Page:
Espionage, commonly known as spying, is the practice of secretly gathering information about a foreign government or a competing industry, with the purpose of placing one’s own government or corporation at some strategic or financial advantage. Federal law prohibits espionage when it jeopardizes the national defense or benefits a foreign nation (18 U.S.C.A. § 793). Criminal espionage involves betraying U.S. government secrets to other nations.
Despite its illegal status, espionage is commonplace. Through much of the twentieth century, international agreements implicitly accepted espionage as a natural political activity. This gathering of intelligence benefited competing nations that wished to stay one step ahead of each other. The general public never hears of espionage activities that are carried out correctly. However, espionage blunders can receive national attention, jeopardizing the security of the nation and the lives of individuals.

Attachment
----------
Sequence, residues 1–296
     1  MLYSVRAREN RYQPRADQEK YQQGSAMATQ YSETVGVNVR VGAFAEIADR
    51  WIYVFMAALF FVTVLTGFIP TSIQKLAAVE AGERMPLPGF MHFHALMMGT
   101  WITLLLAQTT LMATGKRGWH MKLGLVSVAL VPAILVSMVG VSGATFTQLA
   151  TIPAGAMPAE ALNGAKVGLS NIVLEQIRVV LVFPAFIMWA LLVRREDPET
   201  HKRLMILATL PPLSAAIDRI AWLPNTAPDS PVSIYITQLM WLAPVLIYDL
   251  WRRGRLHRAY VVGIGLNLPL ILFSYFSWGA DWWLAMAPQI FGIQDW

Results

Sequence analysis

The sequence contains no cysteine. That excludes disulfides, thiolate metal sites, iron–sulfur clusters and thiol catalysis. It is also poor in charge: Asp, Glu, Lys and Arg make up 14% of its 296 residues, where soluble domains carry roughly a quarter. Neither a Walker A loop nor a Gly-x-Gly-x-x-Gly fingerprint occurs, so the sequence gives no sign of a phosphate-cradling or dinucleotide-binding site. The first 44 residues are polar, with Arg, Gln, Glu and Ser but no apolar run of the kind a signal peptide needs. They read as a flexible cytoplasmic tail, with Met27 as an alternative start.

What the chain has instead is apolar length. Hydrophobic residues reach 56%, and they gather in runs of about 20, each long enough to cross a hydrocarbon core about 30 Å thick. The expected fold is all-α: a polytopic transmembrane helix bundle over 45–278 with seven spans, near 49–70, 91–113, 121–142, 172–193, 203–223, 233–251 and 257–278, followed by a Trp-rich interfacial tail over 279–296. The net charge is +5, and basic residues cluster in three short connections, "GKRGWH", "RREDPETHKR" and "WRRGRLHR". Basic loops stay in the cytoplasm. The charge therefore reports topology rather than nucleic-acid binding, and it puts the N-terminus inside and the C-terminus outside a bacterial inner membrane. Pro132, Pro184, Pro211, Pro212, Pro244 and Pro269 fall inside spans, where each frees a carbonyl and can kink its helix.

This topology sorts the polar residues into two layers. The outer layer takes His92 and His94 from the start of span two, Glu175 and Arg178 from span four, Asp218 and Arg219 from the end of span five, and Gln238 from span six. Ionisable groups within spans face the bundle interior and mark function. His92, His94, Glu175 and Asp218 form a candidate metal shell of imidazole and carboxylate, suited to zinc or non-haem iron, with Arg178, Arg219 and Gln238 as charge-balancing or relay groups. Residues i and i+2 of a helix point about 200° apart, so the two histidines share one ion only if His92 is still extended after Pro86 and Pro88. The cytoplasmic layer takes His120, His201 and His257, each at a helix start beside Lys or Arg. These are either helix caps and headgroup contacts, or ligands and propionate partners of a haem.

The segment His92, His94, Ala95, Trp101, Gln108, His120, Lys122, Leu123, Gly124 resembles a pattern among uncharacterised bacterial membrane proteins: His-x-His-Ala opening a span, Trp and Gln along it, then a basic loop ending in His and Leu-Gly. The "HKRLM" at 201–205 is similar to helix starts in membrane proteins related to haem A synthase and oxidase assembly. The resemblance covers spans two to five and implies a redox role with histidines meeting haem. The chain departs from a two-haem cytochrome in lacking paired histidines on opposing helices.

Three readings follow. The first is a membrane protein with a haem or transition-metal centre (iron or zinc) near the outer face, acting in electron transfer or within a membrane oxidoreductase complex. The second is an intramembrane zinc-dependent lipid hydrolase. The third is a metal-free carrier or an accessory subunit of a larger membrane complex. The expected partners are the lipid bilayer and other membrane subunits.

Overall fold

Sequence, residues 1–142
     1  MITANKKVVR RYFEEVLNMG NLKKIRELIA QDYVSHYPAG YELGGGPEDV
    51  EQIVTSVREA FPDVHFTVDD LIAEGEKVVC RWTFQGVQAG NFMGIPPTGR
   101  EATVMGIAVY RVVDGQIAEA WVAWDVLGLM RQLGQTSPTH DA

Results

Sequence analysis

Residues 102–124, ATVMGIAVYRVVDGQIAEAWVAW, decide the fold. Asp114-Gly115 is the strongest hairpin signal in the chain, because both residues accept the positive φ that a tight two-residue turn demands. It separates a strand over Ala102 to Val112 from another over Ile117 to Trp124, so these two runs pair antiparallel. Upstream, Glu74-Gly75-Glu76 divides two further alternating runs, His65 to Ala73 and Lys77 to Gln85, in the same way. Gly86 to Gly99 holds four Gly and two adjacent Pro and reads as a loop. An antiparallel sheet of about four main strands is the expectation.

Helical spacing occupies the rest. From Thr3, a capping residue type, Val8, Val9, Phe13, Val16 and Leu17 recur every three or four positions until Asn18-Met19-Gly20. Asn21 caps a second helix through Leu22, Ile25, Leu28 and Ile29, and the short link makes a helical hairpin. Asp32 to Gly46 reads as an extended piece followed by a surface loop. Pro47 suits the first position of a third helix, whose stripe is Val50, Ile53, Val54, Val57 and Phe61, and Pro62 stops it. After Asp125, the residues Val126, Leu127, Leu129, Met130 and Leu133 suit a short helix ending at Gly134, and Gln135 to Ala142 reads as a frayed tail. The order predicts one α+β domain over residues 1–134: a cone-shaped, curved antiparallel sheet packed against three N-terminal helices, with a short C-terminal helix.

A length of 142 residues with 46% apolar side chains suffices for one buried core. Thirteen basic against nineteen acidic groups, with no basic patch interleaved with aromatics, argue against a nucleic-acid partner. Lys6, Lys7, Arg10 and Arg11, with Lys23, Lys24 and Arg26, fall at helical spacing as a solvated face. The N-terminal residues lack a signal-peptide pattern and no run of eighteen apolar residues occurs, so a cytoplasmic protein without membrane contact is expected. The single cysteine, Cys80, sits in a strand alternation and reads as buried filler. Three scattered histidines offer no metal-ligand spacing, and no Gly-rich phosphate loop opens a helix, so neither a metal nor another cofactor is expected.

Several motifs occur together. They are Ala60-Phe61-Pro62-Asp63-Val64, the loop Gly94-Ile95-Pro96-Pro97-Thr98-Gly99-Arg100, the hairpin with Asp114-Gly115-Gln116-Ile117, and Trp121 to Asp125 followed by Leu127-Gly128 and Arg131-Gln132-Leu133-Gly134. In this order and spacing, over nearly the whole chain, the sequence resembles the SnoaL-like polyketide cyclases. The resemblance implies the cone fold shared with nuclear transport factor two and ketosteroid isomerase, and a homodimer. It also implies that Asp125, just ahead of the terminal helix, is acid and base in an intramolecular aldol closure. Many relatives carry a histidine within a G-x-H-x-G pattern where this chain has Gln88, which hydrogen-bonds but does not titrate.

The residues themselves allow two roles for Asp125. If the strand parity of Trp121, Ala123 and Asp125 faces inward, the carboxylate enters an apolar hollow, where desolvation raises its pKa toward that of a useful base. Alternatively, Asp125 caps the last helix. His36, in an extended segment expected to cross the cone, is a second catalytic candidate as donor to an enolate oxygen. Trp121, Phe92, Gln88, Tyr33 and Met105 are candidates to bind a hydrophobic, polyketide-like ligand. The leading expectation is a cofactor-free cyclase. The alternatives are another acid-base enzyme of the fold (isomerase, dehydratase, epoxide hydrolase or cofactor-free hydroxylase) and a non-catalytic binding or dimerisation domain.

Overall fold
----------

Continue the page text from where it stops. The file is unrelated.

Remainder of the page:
Espionage is unlikely to disappear. Since the late nineteenth century, nations have allowed each other to station so-called military attachés in their overseas embassies. These “attachés” collect intelligence secrets about the armed forces of their host country. Attachés have worked toward the subversion of governments, the destabilization of economies, and the assassination of declared enemies. Many of these activities remain secret in order to protect national interests and reputations.
The centerpiece of U.S. espionage is the CIA, created by the National Security Act of 1947 (50 U.S.C.A. § 402 et seq.) to conduct covert activity. The CIA protects national security interests by spying on foreign governments. The CIA also attempts to recruit foreign agents to work on behalf of U.S. interests. Other nations do the same, seeking to recruit CIA agents or others who will betray sensitive information. Sometimes a foreign power is successful in procuring U.S. government secrets.
via The Free Dictionary Espionage legal definition of espionage